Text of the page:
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We get some more nice facial expressions on this page, as Gabe offers to drive his car to a meeting, and Jen tells him that there’s no way she’s being seen in his POS (which it is). Her dismay in Panel 1, when she lowers her sunglasses to take in his crappy car, is wonderfully shown by Hughes. When we see her car, she gives Gabe a wry look over her shoulder – she’s proud of what she does with her wealth, but she doesn’t rub it in, and Hughes does a good job with her unpretentious pride in her effort. When she mentions the classical music, Hughes draws a sick look on Gabe’s face – they’re an odd couple even in music tastes – and then we get a nice cheesecake panel, with Hughes drawing Jen in a classic pin-up pose. Once again, Barr’s script gives us the playfulness of their romance, but Hughes does his part well, as he draws Jen as somewhat oblivious even as he puts a small, knowing smile on her face and tilts her hip out slightly. She knows what she’s doing, and both she and Gabe love the subtext.

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Hughes didn’t get to draw too much action in The Maze Agency, as I noted above, but he showed he could handle the small amount that he needed to. This isn’t a terribly exciting page, but it takes him out of the interiors where so much of the cases occur and out into the open. He draws a nice form on Jen as she sees Gabe lying on the ground in Panel 2 – even though she’s a silhouette, we get her panic just from her form pretty well. As Gabe catches his breath, Jen is ready to move in Panel 3, and I love the shadow on the wall behind her. If that’s Hughes’s work, it’s very well done for someone so young, but if it’s Magyar’s contribution, it’s still very cool. Panel 5 shows a clue, and I imagine that Magyar again inked in the black and erased holding lines to create the impression of a rain-slicked street. Finally, Jen’s face in Panel 6 is another nice one, and Hughes cuts her in half, but we see her satisfied eye and her finger tapping her lips as she figures out the mystery. Once again, it’s another nicely drawn page.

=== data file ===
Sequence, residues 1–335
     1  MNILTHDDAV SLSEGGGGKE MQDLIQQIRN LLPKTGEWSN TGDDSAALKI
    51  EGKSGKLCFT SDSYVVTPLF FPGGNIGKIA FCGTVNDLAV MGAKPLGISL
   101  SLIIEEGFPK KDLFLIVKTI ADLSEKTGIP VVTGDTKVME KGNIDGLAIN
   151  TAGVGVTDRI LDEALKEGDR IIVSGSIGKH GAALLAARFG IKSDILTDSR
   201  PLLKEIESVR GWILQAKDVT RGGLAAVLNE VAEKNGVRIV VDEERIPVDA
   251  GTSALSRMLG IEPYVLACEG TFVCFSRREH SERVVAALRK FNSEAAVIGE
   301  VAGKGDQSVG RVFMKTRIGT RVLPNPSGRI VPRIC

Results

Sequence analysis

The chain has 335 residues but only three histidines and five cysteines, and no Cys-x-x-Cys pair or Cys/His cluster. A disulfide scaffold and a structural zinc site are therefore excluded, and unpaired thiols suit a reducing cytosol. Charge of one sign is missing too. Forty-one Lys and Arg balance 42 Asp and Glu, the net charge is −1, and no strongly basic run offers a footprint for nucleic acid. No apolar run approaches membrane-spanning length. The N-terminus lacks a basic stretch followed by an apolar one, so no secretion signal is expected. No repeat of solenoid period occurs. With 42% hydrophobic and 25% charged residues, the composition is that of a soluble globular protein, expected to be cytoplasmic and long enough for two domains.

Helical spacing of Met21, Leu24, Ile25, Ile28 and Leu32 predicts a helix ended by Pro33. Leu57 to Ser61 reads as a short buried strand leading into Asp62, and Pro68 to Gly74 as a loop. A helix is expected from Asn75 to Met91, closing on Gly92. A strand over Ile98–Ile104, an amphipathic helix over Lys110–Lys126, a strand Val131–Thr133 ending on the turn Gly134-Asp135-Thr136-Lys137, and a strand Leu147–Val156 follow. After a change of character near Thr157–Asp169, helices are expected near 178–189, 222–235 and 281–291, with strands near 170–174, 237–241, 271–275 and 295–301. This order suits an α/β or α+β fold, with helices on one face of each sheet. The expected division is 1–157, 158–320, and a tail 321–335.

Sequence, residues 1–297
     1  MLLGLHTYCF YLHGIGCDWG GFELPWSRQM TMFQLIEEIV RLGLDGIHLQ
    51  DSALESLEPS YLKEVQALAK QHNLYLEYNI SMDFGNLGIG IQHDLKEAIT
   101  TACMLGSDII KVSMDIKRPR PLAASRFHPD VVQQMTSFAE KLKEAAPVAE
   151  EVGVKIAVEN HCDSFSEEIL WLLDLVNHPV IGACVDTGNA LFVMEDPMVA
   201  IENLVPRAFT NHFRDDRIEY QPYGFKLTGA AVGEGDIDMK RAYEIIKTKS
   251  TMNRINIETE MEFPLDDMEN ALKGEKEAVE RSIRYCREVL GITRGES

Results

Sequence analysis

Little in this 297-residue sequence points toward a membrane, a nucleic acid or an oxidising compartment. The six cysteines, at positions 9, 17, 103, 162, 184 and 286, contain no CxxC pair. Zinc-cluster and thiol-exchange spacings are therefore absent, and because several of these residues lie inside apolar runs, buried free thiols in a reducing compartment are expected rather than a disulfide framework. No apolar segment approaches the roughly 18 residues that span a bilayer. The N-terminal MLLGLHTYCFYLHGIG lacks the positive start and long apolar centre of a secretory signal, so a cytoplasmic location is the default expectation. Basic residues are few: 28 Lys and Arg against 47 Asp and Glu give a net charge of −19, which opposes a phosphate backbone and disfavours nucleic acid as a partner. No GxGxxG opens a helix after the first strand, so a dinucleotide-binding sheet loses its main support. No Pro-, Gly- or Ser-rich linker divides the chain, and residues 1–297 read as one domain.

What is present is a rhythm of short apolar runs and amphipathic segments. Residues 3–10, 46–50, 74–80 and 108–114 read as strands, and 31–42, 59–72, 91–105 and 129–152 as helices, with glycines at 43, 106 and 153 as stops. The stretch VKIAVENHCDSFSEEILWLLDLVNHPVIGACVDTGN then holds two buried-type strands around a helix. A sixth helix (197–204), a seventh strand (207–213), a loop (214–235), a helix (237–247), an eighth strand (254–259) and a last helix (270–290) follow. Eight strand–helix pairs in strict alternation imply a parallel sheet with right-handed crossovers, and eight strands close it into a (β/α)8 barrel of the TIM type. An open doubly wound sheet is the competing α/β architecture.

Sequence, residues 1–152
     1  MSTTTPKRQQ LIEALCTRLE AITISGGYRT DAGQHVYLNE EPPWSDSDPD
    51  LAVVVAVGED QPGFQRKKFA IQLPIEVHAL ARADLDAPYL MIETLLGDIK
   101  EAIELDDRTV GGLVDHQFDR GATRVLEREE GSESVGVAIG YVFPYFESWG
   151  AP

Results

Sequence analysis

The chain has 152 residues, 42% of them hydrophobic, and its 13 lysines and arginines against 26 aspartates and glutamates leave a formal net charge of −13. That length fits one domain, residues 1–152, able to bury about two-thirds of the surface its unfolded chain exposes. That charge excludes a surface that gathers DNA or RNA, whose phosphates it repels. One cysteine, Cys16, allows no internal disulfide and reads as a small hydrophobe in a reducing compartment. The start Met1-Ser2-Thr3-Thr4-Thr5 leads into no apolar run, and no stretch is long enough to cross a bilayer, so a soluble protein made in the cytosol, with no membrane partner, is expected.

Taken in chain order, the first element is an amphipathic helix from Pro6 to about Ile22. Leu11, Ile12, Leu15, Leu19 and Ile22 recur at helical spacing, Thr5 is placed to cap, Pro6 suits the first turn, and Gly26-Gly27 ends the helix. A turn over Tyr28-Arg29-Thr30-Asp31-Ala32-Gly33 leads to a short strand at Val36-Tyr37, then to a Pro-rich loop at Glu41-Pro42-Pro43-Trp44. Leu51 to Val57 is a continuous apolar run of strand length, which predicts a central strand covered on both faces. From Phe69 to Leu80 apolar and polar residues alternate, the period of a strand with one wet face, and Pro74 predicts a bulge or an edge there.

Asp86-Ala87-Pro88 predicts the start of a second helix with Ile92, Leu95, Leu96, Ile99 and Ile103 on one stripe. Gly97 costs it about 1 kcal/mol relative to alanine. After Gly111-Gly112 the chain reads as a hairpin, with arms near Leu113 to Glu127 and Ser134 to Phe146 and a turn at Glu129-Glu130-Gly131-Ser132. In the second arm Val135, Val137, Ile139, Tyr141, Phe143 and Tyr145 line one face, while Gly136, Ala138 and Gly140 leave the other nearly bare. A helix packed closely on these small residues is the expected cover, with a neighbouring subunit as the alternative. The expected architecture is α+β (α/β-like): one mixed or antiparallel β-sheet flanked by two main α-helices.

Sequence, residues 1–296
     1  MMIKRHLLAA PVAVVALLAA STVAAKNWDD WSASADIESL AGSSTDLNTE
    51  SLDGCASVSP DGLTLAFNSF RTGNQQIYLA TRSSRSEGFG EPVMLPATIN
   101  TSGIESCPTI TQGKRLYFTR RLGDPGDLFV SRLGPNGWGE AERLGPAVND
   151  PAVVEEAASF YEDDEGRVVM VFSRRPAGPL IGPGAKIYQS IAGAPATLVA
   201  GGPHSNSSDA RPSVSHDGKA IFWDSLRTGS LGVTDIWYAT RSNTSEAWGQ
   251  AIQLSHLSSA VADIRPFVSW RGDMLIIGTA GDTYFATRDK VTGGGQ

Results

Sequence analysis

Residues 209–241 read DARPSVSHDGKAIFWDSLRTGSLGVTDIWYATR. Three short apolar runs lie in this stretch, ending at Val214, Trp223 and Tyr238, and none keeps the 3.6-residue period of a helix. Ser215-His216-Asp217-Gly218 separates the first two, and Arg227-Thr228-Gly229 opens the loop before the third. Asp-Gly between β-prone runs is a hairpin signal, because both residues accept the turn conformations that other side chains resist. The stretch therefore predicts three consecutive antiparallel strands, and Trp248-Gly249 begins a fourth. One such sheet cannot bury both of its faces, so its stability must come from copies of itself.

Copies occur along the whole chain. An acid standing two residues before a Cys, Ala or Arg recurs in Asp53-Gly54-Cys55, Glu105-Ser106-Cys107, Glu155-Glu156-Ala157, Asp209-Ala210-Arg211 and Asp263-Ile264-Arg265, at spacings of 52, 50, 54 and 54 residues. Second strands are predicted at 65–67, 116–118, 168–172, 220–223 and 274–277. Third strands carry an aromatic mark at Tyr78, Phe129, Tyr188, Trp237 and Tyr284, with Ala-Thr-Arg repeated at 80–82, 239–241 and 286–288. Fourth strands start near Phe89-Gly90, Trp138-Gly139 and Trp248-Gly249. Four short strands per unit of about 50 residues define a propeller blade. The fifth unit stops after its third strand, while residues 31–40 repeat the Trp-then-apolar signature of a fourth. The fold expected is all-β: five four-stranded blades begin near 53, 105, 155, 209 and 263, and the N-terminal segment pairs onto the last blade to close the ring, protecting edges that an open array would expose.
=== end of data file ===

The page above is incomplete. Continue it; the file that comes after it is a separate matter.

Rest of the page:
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As nice as the facial expressions on this page are – Trent’s smug look as he’s discovered, Caldwell’s pained look when he learns the truth – I wanted to show the nice panel at the bottom, where Jen stops Trent. Once again, Hughes doesn’t get to do too much action, but his fluid line work was good for it, which is why DC came calling not too long after this. Obviously, we have to ask how much of this is Magyar, but the way Trent falls backward when Jen hits him with the air is well done, as is the way Jen lunges toward him and even the way Gabe avoids the gun going off. As we’ve seen, Hughes needs to fit a lot onto the page, but he does quite a nice job with it.

I’ve noted a few times that Hughes was too good to stick around a creator-owned comic that was published by Comico and then Innovation and probably didn’t pay a great rate. Someone at DC saw Hughes’s work (given that Barr was a long-time DC guy, maybe he even told someone about him), and soon enough, Hughes was drawing for DC. We’ll see that tomorrow! Ease your feverish mind in the archives!

16 Comments

tom fitzpatrick

July 22, 2014 at 3:02 pm

Aaaah yes! Probably my third favorite Comico title from that publisher. (MAGE and GRENDEL being the first two)

Comico went bankrupt just as Hughes left TMA to go over to DC, but I think he returned to TMA one more time when TMA was carried over to INNOVATION.

Not sure what was Hughes first DC work was, but I’m most fond of that Giffen/Dematteis team book that gave us Kevin Maguire. Hughes had a short run on that book, shorter than TMA.

I believe Hughes gained a reputation for being a cover artist as well.

Jeff Nettleton

July 22, 2014 at 3:02 pm